Emily Jacobs is the Recipe editor at The Daily Meal. Follow her on Twitter @EmilyRecipes.
Homemade Pizza Sauce From Scratch – Ready in 5 Min
If you ever ask kids what they want for dinner 8/10 chances are that you get pizza as an answer and truthfully it is okay and fun to get a high street pizza once in a while. It is expensive but most importantly it is not the healthiest pizza option either. This is why this pizza sauce is a must make.
Knowing how to make homemade pizza from scratch is essential to enjoy a good pizza every time we fancy it – it cuts the costs, it is healthier and we can customise the pizza toppings as we wish and fancy. You can keep it super simple, you can make your pizza a vegan, a vegetarian or a meat feast one.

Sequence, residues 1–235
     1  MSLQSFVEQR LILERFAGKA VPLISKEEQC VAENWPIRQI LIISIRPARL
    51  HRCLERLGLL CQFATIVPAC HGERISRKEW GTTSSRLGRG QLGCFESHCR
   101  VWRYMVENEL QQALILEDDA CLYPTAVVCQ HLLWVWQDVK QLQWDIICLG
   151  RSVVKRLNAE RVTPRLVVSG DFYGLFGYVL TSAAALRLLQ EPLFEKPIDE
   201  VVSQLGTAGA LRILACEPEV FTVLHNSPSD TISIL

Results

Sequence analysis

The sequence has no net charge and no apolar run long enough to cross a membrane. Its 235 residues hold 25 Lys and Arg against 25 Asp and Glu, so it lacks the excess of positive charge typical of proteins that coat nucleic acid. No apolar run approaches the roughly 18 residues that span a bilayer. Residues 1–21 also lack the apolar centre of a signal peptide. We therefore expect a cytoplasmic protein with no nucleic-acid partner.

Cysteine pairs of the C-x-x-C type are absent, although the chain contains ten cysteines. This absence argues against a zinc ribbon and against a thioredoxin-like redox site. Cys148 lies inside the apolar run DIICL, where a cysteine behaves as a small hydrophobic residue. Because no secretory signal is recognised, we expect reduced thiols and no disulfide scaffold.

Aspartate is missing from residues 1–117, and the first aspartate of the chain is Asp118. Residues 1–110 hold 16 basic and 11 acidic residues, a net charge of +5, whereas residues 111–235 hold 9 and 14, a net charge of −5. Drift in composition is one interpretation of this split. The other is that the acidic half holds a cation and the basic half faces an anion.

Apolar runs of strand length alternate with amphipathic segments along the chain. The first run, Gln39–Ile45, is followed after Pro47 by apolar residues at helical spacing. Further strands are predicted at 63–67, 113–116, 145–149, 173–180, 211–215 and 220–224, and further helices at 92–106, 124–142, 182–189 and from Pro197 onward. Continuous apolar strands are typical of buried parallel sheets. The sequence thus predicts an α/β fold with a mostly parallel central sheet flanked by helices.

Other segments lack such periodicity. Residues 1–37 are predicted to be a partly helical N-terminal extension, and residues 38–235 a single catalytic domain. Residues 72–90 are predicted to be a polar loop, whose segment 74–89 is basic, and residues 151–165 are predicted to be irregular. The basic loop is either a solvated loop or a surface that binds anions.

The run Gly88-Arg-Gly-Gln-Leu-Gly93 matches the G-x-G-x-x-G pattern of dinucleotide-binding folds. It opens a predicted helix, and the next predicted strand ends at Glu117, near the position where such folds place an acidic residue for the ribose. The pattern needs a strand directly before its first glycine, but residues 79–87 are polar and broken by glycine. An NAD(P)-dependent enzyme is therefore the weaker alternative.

Pizza toppings are important but for me the pizza sauce it’s what makes it a yummy or a not so yummy pizza. It is as simple as that. The sauce acidity balance it’s very important – if it’s too sour or too sweet – no, thanks! Yes, I am fussy when it comes to homemade pizzas and pizza in general.
This is the thing. Ive been making this sauce for a very long time and sometimes we add some weird things to it ( Sriracha sauce, cajun powder, chopped lovage) but the base it’s always the same. Nothing really beats a homemade pizza sauce recipe or that sauce made with fresh tomatoes, mmmm! I will come to this a bit later on.
8 Ways to Shift Your Eating Routine When You're Home All Day
Your meals and snacks keep you energized, but can also help set a framework for the day.